The medial collateral ligament (MCL) is one of the four ligaments that provide the stability of the knee joint. A ligament is made up of tough fibrous tissue that connects bone to bone. It helps to limit the amount of movement in the joint by preventing too much motion. The four main stabilizing ligaments of the knee are the anterior cruciate ligament (ACL), the posterior cruciate ligament (PCL), the medial collateral ligament (MCL) and the lateral collateral ligament (LCL). The knee joint, more than any other joint, depends on these ligaments in order to provide its stability.
The MCL runs from the end of the femur (thigh bone), across the knee joint, and attaches to the top of the tibia (shin bone), on the medial (inside) on the knee. The MCL prohibits those two bones on the inside of the knee from gapping or opening too far. The MCL is made up of two parts, a superficial layer and a deep layer. It is interesting to note that the deep layer is connected with the medial meniscus and some injuries can involve both of the structures.
How is the medial collateral ligament injured?
Since the MCL is located across the medial surface of the knee, it can be damaged most often by a force or blow to the outside of the knee. You may see this happen in baseball when a base runner slides full speed, into the base with a cleat up in the air. If the outfielder has his/her foot against the base (in the base line), and the base runners foot might crash into the outfielders knee. This force may cause the inside of the knee to “gap”, which may result in a stretch or tear to the MCL. This is one of the reasons that it is illegal, in high school football, to block another player below the waist. A helmet to the outside of the knee can very well damage the MCL. The MCL can also be injured when the foot is firmly planted on the ground, and the body is rotated around it, causing a twisting at the knee.
The MCL can be the only structure injured, or it can be only 1 of a few structures injured in a complex injury. Often, the anterior cruciate ligament and medial meniscus (cartilage in the knee) are damaged as well.
What are the signs and symptoms of the injury?
Sometimes a “pop” or “snap” will be heard or felt when the injury happens. Usually, immediate pain can be felt to the inside of the knee. Although the medial collateral ligament will be tender to the touch, there may not always be significant swelling. In a more severe injury, someone may complain of a feeling of instability, like their knee “may give out”.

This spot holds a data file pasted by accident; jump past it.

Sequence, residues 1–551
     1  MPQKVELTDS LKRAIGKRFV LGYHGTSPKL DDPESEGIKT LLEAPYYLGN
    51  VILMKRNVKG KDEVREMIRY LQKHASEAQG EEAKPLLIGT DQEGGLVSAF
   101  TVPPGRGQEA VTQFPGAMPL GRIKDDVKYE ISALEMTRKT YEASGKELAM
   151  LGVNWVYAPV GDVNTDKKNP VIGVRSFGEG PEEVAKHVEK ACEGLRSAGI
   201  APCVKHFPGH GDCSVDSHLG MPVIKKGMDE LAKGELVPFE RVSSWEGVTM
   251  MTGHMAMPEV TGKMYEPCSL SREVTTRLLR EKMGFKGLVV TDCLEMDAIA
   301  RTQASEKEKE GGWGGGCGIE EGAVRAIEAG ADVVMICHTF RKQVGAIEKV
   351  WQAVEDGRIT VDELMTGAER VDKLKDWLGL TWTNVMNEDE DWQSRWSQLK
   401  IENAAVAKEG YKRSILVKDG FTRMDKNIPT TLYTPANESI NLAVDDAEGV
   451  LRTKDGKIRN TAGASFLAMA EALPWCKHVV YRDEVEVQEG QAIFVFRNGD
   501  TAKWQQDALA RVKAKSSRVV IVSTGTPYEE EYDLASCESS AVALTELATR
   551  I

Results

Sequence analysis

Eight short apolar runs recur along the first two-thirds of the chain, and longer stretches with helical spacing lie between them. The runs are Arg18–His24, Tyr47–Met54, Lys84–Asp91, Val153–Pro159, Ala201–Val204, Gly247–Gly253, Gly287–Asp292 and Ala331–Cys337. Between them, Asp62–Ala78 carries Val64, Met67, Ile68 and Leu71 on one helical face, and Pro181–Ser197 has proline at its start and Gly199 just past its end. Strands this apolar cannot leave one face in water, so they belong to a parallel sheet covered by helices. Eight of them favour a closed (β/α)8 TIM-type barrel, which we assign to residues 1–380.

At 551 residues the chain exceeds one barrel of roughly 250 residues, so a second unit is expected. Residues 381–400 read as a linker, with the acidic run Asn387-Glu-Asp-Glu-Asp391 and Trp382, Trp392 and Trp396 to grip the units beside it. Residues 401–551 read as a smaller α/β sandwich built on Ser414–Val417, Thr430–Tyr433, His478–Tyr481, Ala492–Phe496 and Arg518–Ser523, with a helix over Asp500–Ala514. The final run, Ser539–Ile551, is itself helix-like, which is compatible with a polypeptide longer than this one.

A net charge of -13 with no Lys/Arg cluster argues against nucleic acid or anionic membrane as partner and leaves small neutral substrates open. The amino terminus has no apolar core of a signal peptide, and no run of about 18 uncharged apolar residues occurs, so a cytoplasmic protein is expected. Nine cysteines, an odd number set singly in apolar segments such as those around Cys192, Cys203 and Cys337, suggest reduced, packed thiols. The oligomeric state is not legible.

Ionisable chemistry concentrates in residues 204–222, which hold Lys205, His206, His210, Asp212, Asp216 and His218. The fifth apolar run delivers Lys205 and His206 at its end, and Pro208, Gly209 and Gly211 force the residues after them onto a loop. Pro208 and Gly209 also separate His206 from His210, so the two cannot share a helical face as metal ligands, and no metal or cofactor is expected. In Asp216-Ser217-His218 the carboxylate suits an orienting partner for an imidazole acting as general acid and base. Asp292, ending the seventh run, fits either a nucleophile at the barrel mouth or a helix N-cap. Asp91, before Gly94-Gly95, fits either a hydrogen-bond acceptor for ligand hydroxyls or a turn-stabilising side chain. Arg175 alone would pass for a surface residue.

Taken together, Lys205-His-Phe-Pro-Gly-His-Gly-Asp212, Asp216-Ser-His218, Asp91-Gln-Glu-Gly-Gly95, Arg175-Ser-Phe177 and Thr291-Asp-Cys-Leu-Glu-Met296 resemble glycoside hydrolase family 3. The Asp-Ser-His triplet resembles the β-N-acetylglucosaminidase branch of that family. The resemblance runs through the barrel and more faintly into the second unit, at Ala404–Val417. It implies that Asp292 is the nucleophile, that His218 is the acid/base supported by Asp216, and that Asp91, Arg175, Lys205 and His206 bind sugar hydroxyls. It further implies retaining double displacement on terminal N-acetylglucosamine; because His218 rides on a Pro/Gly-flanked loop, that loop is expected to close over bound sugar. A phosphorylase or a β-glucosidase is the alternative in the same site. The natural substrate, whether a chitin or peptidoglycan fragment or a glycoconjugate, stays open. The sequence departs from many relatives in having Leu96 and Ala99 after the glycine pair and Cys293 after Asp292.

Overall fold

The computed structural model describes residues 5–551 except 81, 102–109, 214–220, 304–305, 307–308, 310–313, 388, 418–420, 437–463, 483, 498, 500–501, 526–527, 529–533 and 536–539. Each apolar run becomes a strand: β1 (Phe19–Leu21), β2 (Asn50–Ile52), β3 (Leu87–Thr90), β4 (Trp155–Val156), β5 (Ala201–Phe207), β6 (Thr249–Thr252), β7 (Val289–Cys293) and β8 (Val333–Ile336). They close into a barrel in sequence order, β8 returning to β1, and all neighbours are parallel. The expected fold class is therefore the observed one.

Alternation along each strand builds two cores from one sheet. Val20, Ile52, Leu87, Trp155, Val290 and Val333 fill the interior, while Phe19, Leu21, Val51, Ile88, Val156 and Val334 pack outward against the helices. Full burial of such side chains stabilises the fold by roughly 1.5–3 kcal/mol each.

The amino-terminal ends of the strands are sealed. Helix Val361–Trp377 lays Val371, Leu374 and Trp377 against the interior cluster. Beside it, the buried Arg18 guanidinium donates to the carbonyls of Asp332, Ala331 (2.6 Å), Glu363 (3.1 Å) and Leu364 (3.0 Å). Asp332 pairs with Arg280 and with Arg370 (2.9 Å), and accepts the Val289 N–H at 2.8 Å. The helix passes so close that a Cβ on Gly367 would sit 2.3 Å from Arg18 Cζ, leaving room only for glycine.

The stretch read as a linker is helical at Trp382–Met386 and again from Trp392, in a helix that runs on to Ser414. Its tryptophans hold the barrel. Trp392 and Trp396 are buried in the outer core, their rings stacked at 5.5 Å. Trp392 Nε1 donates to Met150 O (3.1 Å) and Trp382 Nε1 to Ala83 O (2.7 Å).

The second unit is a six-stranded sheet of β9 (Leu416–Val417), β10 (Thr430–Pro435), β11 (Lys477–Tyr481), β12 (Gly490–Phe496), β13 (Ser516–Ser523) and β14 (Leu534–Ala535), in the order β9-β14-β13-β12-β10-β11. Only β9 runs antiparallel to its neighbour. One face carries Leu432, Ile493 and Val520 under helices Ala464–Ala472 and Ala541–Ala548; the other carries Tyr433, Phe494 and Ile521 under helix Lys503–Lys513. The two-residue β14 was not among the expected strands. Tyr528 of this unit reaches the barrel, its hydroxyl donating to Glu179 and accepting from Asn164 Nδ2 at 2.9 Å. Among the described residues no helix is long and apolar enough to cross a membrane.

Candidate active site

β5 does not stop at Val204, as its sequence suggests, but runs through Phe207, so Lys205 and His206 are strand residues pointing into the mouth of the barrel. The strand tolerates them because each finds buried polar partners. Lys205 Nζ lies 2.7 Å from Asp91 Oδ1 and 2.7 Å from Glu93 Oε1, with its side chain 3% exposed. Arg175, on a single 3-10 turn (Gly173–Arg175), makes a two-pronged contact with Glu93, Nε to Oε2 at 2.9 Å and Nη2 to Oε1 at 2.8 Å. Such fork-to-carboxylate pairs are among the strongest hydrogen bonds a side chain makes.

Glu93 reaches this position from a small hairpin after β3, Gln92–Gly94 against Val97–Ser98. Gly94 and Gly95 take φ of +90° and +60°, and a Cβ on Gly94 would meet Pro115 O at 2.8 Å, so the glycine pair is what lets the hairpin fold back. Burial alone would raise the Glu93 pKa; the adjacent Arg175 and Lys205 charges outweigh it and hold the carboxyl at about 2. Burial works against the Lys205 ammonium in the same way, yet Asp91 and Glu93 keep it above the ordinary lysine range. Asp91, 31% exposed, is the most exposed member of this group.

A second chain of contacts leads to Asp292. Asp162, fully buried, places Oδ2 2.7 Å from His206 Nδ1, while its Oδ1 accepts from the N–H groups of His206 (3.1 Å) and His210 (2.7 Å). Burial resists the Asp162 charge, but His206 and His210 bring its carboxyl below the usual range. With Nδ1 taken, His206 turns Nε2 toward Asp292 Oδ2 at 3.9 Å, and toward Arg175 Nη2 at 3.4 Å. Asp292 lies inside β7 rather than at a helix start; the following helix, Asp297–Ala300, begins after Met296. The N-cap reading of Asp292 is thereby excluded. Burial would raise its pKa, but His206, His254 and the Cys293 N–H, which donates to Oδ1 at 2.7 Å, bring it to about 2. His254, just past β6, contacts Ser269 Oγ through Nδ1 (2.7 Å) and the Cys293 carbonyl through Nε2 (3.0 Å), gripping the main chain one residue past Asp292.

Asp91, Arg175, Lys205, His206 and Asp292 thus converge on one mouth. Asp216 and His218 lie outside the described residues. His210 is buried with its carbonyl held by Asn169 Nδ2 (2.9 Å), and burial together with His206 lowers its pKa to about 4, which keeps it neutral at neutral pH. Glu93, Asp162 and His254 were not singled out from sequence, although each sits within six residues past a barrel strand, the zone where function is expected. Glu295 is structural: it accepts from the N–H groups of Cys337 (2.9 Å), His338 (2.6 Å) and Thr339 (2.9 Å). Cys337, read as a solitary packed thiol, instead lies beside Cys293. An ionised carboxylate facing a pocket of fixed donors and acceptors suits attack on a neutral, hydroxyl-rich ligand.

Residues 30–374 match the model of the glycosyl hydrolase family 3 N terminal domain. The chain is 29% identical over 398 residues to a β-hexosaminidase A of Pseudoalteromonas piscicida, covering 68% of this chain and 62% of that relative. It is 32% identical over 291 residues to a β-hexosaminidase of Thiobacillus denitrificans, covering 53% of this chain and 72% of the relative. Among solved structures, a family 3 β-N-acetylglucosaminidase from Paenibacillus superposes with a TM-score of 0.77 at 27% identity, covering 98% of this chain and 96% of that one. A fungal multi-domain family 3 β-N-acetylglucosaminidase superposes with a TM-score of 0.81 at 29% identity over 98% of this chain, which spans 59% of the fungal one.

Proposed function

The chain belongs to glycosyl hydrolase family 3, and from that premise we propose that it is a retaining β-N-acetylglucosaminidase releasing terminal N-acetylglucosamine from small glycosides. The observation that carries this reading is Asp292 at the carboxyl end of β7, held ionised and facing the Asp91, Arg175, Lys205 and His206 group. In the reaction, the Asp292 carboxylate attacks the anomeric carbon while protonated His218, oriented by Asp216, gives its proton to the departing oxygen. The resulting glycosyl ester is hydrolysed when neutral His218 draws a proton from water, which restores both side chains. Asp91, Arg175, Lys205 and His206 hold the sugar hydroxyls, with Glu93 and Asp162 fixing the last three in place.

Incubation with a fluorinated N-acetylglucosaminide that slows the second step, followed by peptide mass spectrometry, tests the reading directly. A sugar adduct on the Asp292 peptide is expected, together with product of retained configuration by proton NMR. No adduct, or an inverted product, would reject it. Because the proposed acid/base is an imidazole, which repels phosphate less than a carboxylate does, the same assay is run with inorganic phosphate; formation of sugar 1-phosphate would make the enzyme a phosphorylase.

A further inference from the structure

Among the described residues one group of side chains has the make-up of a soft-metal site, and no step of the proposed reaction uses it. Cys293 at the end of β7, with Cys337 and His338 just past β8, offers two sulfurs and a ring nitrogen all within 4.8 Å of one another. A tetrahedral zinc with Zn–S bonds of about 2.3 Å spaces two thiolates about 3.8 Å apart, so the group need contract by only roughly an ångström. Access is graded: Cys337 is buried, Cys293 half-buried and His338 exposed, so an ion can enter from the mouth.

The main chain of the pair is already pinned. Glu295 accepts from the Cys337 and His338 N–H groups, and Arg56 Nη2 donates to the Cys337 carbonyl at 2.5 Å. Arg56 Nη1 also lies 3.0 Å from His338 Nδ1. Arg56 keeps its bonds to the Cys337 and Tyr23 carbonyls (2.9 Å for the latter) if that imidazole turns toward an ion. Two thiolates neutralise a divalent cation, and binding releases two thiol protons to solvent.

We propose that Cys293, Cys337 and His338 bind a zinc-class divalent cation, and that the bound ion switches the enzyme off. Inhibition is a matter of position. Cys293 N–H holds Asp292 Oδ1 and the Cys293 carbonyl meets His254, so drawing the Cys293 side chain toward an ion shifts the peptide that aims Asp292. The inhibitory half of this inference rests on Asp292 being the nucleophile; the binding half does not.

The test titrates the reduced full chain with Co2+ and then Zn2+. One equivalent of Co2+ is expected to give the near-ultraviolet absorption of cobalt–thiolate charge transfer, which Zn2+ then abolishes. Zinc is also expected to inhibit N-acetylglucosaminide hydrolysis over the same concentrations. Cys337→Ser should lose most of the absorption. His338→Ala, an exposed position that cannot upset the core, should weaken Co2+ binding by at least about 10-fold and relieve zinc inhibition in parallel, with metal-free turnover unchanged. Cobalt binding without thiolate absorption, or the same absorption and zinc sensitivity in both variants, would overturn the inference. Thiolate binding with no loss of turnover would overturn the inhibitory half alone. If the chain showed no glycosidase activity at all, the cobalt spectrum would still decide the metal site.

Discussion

There are three categories of ligament injuries, and they are rated I to III, depending on their rate of severity:
Grade I MCL Tear:
*This is considered an incomplete tear (less than 50% of the fibers are torn).
*Little, or no swelling.
*Range of motion is normal.
*MCL is tender to the touch.
*No joint instability.
*Return to normal ADL’s (activities of normal living) very quickly.
*Most athletes return to sports within a couple of weeks.
Grade II MCL Tear:
*Also considered an incomplete tear, but with more of the ligament fibers torn (>50%).
*Little or no swelling.
*Range of motion is restricted.
*MCL is tender to the touch
*Some instability is present.
*Pain is more significant.
*May benefit from the use of a hinged brace temporarily.
*Athletes may take 3-4 weeks or more to return to sports.
Grade III MCL Tear:
*Considered a complete tear.
*Range of motion is restricted, often difficulty bending the knee.
*Pain and tenderness is increased.
*Instability is present. The knee is now unstable.
*A knee brace or immobilizer is often needed, along with crutches to limit weight bearing initially.
*Healing may take 6 weeks or longer. Complete rehabilitation from a grade III tear may take up to 3-4 months.
*The ACL and meniscus may be damaged as well.
Treatment for MCL injury:
Immediate treatment after injury consists of RICE (Rest, Ice, Compression & Elevation).
Crutches may be required if you are unable to walk without pain or limping. When instability is present in the knee, a brace may be worn for comfort and support, while the ligament is healing. Nonsteriodal anti-inflammatory drugs (NSAIDs) such as Motrin, Tylenol or Advil may be beneficial.
Physical therapy is recommended to help restore range of motion, strength, and flexibility to help speed the return to activities and sports. Initial goals of physical therapy are to decrease edema (swelling) and restore full range of motion in the knee. The rehab will then progress to strengthening, with emphasis placed on the quadriceps (front of the thigh), hamstrings (back of the thigh) and calves. Return to sports will only be allowed when strength goals have been met and patient may do running, cutting and jumping activities without pain. Surgery is rarely required for MCL injury. Even complete tears can be treated conservatively. Surgery is more often done if injury includes the ACL, and/or meniscus damage. Athletes with severe, grade III injury may benefit from a functional knee brace to prevent re-injury when returning to high contact sports.
If you have any questions, or are having any problems with your knees, please stop by the clinic or give us a call. We would love to answer any questions you have and help you get back to what ever it is that you want to do.
Magee,D: Orthopedic Physical Assessment. Third Edition.W.B. Saunders Company. 1997.